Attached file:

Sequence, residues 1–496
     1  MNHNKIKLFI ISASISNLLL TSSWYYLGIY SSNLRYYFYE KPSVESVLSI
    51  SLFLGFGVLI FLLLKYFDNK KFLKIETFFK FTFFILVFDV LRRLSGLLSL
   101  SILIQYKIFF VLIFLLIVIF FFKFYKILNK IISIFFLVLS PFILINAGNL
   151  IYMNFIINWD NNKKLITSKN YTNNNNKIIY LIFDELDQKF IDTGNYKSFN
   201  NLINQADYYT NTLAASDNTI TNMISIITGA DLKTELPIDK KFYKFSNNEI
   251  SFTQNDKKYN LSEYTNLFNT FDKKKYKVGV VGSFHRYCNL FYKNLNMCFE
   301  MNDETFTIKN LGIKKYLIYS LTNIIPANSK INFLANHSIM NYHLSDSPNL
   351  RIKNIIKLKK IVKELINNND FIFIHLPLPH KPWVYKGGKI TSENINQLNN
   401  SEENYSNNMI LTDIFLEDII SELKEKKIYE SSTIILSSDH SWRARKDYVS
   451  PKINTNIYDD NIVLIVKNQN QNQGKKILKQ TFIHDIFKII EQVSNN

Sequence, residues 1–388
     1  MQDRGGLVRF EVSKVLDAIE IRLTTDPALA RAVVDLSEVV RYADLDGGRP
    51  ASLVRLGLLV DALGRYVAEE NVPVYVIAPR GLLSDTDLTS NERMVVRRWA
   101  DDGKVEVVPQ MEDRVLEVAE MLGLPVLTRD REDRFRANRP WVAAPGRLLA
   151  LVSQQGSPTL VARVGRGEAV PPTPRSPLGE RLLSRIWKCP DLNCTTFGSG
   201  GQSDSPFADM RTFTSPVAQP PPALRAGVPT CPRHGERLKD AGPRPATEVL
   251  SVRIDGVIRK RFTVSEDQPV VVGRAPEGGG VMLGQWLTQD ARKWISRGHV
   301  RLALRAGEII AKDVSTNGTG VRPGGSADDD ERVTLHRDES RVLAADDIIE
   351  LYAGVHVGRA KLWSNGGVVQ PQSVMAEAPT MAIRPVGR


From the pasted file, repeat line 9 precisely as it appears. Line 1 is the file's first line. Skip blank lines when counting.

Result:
   351  RIKNIIKLKK IVKELINNND FIFIHLPLPH KPWVYKGGKI TSENINQLNN